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Keeping business afloat in Louisiana flooding

Kai Ryssdal Aug 24, 2016
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A front view of Middendorf's. George Judson/Marketplace

Keeping business afloat in Louisiana flooding

Kai Ryssdal Aug 24, 2016
A front view of Middendorf's. George Judson/Marketplace
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Horst Pfeifer and his wife, Karen, run Middendorf’s, a catfish restaurant north of New Orleans. Pfeifer has been flooded out three times since he bought the restaurant in 2007. The restaurant is on a causeway between Lake Pontchartrain and Lake Maurepas, which both collect floodwaters from the Mississippi and the lowlands along it. We talked with Pfeifer about what it’s like to run a business in a place where high water is an inevitability.

On how he looks after his employees during floods:

We have 75 employees … Well, the one thing we did is we normally have outside for boaters, a deck where they eat and its normally counter service so when I took my old building down, I put air conditioning out there so I keep all the employees employed to get the full paycheck since the toughest time was the last few days, people who were not necessarily flooded, but couldn’t come to work. It’s hard for everybody right now with people cleaning out their houses at the same time you have to work to make a living, I mean the last two weeks for us, not only the flooding but also you know we’re doing only 10-20 percent of normal business.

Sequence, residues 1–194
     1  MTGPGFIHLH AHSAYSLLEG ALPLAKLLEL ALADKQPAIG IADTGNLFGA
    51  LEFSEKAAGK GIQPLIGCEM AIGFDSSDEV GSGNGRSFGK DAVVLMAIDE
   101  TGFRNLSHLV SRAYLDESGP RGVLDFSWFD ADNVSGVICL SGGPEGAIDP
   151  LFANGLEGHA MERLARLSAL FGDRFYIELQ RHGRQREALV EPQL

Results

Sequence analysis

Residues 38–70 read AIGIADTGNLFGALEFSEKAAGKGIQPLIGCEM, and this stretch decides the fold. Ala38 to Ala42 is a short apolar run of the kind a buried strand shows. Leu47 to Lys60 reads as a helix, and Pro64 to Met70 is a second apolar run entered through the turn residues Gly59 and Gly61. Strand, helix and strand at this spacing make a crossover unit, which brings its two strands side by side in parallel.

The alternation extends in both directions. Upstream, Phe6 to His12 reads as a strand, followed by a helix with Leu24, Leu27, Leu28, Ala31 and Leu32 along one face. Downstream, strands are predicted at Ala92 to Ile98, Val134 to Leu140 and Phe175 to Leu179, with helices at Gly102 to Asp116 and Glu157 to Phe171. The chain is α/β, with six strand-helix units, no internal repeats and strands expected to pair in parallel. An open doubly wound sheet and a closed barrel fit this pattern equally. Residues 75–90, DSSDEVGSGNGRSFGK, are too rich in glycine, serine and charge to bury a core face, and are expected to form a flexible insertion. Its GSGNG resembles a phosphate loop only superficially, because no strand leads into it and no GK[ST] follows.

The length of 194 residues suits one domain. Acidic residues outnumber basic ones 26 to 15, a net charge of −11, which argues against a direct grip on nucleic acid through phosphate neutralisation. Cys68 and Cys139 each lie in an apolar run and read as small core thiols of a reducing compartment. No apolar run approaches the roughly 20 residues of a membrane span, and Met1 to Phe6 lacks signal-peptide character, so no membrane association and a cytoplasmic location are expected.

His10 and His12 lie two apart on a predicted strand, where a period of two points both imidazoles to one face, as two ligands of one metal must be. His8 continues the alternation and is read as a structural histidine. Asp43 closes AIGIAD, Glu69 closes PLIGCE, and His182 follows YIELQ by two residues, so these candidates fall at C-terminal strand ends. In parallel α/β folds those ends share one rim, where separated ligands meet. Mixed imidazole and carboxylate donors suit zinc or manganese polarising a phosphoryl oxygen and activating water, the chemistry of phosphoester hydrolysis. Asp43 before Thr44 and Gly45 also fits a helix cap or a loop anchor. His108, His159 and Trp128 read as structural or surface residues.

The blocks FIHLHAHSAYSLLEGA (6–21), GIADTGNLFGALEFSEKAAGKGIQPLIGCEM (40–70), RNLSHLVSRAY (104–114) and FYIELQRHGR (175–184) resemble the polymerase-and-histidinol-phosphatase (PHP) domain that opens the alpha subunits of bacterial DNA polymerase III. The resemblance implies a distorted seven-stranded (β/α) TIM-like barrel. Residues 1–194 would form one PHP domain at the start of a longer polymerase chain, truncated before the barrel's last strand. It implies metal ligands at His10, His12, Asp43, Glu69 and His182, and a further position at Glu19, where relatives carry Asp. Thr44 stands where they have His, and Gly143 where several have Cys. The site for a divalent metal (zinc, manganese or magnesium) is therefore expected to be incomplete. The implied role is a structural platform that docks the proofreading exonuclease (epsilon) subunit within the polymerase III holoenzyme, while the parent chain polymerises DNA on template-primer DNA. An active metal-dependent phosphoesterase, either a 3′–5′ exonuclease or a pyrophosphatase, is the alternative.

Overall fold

The interior of Middendorf’s Restaurant, just outside of New Orleans, Louisiana. 

On how he stays in business:

Well, the one thing is I tell you one thing, when 9/11 hit I always had a cash reserve for devastating times and then when Katarina hit I increased it where I want to make sure I have plenty enough to hold on for at least 6-7 months. Money I put on the side for in case something happen. Since even if you don’t get hit, the impact it has the storm from not having business and taking care of your employees and everything else you know it keeps on going, the pays going. And we have to do it ourselves and be smart about it and not lean on everybody else.

 

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